You are here: Home » Published Issues » 2014-07 July Issue » Business Spotlight: Ohio Seed Improvement Association (OSIA)

Business Spotlight: Ohio Seed Improvement Association (OSIA)

Creating Quality Control for Ohio Seed and Grain

by Susan Post

OSIA BS 2More and more people are taking an interest in where their food comes from. As awareness grows about different farming methods, one organization in Ohio is helping farmers produce consistent, quality crops.

The long-standing mission of the Ohio Seed Improvement Association (OSIA) is to supply the best possible seed to farmers and growers in the state of Ohio. The organization acts as an unbiased, third-party quality control agency to trace production, field-inspect and laboratory-test seed and non-GMO grain.

OSIA Secretary-Manager John Armstrong outlines the importance of the process, “It facilitates trade. It adds structure to the system for the consumer to know there is a third-party entity [providing] some basic oversight of the process and the quality of the product that is offered for sale.”

The OSIA not only provides a robust variety of quality assurance programs, but also helps farmers find OSIA-Certified seed. The seed certification that OSIA administers is a limited-generation program that assures the genetic purity of seed. The first generation of a new variety of seed is called Breeder Seed; the next generation is called Foundation Seed. These seeds then progress from Foundation to Registered and finally, Certified.

“We have the traditional certified seed program that designates OSIA as the authority in Ohio to provide seed certification for crops such as wheat, oats, barley, spelt, soybean, hybrid seed corn, etc.,” Armstrong says.

The organization publishes two directories a year, one for spring-seeded and one for fall-seeded crops, that help farmers find both non-GMO and GMO OSIA-Certified seeds. The organization also provides inspection and certification programs for noxious weed-free mulch and forage. Weed-laden straw and hay fields can spread noxious weeds, so inspectors monitor such fields for certain species. In addition to lessening the spread of certain weeds, producers often seek weed-free product for bedding to minimize risk of harm to their animals.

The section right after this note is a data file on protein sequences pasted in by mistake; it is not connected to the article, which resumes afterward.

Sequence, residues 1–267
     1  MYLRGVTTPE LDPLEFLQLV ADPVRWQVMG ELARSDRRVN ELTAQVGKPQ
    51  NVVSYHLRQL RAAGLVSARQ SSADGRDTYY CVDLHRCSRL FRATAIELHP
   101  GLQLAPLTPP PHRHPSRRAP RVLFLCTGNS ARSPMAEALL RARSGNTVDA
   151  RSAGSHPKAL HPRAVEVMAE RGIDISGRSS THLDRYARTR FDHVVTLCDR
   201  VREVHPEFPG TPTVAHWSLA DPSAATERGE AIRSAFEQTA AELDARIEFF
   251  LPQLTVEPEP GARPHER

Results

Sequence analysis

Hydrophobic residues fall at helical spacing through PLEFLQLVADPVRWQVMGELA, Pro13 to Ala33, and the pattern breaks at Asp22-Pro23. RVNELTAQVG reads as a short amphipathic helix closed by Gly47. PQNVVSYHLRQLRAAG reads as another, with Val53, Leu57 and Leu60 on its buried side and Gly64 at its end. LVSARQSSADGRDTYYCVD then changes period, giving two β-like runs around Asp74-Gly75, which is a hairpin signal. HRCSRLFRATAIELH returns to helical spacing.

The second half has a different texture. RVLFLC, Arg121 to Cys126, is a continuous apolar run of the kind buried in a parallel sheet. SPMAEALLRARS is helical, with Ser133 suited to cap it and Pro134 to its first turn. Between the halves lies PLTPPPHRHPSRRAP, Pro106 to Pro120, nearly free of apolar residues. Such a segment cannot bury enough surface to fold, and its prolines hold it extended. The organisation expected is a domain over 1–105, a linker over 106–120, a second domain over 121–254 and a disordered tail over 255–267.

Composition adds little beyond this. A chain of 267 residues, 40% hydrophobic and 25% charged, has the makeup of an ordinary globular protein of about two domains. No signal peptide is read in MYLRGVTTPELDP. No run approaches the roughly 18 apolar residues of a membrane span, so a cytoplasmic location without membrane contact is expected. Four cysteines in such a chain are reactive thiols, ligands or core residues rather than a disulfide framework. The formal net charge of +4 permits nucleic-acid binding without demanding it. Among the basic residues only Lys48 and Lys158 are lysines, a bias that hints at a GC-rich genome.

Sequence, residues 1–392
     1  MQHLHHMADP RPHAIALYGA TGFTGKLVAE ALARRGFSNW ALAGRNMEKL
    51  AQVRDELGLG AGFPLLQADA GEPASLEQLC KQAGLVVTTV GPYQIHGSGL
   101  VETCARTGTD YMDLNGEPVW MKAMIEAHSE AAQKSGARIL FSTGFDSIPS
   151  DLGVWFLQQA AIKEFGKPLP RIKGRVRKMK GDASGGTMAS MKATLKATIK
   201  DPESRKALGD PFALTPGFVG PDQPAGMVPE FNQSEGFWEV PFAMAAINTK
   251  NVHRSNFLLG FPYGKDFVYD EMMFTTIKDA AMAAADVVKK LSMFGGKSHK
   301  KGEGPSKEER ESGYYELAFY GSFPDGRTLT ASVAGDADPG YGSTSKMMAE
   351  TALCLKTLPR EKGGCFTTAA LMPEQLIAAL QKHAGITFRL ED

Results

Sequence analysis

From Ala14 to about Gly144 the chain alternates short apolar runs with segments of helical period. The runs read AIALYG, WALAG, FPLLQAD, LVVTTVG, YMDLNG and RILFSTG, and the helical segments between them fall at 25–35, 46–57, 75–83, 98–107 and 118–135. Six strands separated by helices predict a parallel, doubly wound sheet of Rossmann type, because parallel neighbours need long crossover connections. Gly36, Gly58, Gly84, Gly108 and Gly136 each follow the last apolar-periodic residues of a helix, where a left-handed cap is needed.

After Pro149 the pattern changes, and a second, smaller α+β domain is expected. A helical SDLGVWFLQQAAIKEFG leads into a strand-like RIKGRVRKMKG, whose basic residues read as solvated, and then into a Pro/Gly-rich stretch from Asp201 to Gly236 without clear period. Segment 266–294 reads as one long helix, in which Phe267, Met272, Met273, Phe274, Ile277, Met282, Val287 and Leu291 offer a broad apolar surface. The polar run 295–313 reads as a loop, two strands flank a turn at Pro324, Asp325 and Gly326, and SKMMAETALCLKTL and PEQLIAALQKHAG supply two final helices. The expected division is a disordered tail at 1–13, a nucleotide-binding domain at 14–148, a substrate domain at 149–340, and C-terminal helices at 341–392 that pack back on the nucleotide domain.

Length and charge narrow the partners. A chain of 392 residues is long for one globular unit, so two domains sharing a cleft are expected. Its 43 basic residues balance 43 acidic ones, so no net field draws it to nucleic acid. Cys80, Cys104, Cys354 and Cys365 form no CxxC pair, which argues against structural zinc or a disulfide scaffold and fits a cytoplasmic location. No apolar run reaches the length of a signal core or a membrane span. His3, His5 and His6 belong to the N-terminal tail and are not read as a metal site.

OSIA BS 1One of the OSIA’s largest programs is the Identity Preserved (IP) grain program. The program aids in the development and expansion of a strong non-GMO soybean market for domestic use and export, providing traceability of specialty grains.

Growers and exporters seek out the OSIA to gain IP certification through this verification program. “The companies that do this are very quality conscious,” Armstrong says. “They come to us voluntarily and agree to submit to inspection and product-testing regulations and guidelines.”

Farmers plant varieties in fields with known history (meaning they have a record of what has been planted there before) to be vigorously monitored throughout the growing process. “We send a field inspector out to inspect those production fields during the growing season, so we can confirm what’s planted and check that production for genetic purity,” Armstrong says.

Once harvested, the grains go through rigorous laboratory testing before qualifying for IP labeling. “The Identity Preserved grain program is a third-party entity performing this [testing], and exercising a pass-fail overarching system on the whole production scheme,” Armstrong says.

Submitting to the process gives companies advantages in the marketplace. Contractors are able to market a product that is monitored throughout the production cycle, ensuring purity. “Food processors and end-users that source material from OSIA’s IP program should do so with confidence,” Armstrong says. The non-GMO soybeans produced through the IP program are for consumer products like soy milk and tofu.

OSIA BS 3Armstrong is proud of the program participants who take the time to follow the robust certification program. Awareness surrounding such testing is growing. “There is demand and there is obviously an awareness of the origin of commodities that go into the food process,” Armstrong says. “The consumer and the end-users often want product that has gone through some type of non-GMO oversight quality control system.”

Location: 6150 Avery Rd., Dublin. For more information, call 614-889-1136 or visit

Susan Post is a freelance writer and editor based in Columbus. She enjoys writing about her city and the people and places that make it special. Contact her at

Comments are closed.

Scroll To Top